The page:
In addition to activities that specifically focused on improving diabetes care, the majority of practices also implemented huddles, an activity specifically encouraged by the facilitators to enhance a practice’s ability to function as a prepared, proactive team. Activities such as huddles that improve communi-cation are integral to promoting team work and are increasingly being used in the primary care setting to facilitate team-based care.[36,37] Huddles can facilitate roblem-solving conversations among primary care team members and help teams understand how to better implement changes in work flow or tasks.[37] They are also consistent with the role of the facilitator and extend the work of the facilitator since relation-ship building and communication strategies are com-monly employed in PF.[38]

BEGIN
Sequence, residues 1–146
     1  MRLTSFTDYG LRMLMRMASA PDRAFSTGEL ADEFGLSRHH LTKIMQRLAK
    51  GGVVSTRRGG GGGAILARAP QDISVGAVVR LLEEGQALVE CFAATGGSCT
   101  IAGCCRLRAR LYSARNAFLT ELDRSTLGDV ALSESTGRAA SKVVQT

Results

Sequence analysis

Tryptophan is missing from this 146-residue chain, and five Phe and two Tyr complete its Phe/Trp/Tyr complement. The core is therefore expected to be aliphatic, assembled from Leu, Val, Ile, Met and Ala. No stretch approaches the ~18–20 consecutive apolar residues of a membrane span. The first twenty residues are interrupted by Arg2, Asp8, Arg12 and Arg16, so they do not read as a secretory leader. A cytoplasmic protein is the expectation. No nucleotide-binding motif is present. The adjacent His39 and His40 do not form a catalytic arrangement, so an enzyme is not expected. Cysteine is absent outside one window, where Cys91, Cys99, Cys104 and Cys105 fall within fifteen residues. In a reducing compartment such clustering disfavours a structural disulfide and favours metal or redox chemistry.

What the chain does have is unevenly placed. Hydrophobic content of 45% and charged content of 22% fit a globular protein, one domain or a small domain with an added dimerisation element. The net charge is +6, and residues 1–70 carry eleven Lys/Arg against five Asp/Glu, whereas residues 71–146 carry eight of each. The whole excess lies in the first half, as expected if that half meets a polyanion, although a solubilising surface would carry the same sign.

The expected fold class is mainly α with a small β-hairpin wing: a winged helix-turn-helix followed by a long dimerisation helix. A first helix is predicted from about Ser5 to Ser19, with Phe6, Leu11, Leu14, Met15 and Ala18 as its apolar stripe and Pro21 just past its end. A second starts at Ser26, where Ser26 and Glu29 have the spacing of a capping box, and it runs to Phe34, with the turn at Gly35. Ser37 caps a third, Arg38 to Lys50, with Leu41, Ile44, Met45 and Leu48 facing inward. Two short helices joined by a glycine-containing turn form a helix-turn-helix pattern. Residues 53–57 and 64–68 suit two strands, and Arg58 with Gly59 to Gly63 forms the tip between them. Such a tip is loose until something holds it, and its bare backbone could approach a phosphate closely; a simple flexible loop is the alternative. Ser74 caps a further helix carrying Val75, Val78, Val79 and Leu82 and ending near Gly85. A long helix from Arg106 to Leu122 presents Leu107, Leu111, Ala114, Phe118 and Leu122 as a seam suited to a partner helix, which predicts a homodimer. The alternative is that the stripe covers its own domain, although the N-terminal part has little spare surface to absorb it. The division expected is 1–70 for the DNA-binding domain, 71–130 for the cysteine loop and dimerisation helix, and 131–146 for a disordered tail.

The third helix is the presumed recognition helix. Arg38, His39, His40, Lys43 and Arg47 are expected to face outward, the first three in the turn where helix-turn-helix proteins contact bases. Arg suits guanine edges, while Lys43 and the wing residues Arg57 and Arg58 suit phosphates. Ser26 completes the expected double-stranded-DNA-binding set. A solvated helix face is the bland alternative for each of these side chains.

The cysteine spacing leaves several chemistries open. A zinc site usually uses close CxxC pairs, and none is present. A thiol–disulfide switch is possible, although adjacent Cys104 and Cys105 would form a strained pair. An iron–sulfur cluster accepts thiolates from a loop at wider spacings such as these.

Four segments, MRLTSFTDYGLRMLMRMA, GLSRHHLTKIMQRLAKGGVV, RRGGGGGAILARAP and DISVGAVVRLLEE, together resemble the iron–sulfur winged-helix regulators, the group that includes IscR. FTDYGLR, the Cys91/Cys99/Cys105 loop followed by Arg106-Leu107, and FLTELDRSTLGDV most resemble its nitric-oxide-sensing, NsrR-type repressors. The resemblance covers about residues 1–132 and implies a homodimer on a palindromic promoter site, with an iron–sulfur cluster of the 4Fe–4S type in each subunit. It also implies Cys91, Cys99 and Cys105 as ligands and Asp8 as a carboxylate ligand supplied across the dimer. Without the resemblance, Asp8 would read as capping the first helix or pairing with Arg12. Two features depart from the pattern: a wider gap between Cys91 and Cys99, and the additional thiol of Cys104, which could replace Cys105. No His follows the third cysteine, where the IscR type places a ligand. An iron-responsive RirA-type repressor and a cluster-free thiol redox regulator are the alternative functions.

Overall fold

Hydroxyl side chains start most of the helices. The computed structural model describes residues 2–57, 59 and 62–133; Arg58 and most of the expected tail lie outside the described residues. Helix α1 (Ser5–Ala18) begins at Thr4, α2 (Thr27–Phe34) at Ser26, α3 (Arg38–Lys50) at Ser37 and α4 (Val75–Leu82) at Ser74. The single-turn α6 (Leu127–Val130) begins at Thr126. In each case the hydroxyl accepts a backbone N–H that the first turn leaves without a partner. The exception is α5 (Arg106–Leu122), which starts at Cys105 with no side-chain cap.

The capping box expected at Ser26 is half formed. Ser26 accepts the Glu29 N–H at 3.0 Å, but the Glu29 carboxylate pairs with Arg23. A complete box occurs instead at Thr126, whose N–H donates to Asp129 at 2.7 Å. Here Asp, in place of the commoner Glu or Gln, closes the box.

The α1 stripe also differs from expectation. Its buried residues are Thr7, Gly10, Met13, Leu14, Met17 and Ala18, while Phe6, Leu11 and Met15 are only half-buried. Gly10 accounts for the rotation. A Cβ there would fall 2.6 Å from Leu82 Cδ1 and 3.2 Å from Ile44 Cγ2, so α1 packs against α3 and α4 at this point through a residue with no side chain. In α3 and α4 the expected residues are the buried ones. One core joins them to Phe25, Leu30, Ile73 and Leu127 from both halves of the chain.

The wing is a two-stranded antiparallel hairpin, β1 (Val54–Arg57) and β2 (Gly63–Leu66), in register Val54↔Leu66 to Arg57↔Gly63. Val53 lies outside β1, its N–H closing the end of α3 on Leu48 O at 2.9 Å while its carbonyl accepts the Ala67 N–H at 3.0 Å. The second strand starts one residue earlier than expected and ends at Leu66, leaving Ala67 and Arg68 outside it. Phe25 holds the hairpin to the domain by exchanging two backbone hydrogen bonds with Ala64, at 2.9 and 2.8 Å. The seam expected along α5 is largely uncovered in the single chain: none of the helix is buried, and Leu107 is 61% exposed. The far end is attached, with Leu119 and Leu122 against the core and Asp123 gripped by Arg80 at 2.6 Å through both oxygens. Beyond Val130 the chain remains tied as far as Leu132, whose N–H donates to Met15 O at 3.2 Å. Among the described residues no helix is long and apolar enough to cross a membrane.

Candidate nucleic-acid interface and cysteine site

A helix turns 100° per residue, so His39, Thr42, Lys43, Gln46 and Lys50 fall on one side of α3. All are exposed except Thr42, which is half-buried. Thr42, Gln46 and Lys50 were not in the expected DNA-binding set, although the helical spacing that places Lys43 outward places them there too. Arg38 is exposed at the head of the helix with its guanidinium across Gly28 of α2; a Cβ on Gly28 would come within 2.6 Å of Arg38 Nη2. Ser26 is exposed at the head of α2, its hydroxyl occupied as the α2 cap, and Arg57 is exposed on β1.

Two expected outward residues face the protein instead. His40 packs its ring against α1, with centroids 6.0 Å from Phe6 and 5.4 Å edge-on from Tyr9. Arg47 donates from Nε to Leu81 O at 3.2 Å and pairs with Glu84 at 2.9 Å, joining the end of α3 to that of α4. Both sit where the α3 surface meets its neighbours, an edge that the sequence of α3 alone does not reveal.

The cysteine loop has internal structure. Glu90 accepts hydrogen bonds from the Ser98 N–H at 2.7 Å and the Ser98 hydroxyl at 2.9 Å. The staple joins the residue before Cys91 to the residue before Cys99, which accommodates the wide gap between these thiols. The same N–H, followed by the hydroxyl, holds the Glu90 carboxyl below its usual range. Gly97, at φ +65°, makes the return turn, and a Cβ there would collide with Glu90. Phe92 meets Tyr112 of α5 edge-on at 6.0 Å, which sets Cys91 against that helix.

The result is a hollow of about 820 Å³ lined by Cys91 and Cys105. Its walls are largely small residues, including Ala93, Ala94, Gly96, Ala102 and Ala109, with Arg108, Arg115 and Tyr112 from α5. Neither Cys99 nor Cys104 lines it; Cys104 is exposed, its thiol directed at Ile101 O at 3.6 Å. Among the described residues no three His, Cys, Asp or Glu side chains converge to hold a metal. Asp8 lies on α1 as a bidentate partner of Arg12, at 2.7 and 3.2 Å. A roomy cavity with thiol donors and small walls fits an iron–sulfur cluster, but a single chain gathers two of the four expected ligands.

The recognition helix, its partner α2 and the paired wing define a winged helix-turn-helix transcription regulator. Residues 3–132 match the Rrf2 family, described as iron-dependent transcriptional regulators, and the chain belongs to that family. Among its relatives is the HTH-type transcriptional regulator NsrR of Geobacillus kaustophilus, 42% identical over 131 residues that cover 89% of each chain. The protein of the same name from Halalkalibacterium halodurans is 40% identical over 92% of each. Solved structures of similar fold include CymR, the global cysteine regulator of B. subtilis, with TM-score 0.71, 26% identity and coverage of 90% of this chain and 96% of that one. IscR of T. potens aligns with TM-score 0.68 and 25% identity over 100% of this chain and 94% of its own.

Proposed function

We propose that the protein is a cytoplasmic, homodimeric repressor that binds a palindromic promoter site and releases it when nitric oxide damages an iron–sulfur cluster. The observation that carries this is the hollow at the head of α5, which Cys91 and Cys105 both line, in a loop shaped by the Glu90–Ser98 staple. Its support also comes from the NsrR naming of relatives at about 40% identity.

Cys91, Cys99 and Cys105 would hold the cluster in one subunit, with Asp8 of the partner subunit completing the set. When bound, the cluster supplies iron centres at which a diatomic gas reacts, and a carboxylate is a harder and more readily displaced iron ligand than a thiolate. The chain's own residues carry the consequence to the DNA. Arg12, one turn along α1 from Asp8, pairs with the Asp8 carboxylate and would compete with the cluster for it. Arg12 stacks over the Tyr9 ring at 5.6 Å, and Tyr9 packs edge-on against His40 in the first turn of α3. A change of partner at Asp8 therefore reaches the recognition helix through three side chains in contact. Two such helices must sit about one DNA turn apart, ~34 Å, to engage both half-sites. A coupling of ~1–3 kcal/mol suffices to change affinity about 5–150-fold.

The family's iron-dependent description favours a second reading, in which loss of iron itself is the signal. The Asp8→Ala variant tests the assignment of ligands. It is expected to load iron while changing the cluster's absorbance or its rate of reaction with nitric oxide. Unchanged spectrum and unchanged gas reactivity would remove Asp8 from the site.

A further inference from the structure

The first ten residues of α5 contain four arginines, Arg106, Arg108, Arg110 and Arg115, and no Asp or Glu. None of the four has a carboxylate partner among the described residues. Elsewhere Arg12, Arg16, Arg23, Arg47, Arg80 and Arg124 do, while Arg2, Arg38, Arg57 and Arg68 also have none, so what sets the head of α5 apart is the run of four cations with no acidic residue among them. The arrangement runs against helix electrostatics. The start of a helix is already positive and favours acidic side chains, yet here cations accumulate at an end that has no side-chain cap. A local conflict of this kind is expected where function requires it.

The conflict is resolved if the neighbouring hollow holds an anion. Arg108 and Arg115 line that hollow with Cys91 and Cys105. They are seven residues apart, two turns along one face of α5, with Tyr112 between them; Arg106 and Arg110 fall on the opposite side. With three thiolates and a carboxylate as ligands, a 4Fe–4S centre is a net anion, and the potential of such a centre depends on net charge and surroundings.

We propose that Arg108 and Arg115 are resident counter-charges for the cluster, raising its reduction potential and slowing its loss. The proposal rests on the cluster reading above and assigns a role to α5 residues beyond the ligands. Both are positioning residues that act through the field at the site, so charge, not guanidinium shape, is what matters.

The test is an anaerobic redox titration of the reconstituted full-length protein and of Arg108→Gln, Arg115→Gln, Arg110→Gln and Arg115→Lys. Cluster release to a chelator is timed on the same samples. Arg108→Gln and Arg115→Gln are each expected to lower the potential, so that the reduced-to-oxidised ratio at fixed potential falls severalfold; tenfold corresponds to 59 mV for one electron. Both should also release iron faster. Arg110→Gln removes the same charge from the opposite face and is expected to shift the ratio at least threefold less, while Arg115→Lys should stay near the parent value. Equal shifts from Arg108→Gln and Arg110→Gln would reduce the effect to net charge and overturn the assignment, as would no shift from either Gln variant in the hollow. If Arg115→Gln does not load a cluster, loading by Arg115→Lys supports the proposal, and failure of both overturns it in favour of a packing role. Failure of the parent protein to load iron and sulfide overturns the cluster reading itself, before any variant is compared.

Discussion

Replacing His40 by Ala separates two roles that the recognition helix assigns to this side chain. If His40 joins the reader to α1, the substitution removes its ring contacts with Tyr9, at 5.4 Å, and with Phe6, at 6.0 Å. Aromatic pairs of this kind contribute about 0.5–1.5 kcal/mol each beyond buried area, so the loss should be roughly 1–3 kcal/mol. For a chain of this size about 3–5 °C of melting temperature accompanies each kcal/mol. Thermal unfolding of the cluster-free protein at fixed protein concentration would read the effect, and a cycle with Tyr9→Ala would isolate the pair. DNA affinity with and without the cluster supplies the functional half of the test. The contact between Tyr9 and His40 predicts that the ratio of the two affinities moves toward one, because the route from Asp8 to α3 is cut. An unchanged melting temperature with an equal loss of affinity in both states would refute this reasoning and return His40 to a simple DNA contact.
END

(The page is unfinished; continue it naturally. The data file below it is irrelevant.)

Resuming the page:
This study is limited by the geographic restriction to a narrow region of the United States. In addition, different results might have been obtained using larger primary care practices, especially those embedded within integrated healthcare systems. The potential for selection bias favoring practices that are eager to improve also exists. The study also has a number of strengths, including a diverse sample of ‘real-world’ practices, the use of theory to inform the intervention design, and the low rate of attrition of practices from the study. Although these practices implemented a remarkable number and variety of activities in re-sponse to PF, the clinical impact of PF on patient outcomes is uncertain at this time. Future analyses from the ABC trial will compare the initial and delayed intervention practices on improvement in the control of risk factors for diabetes-related complications.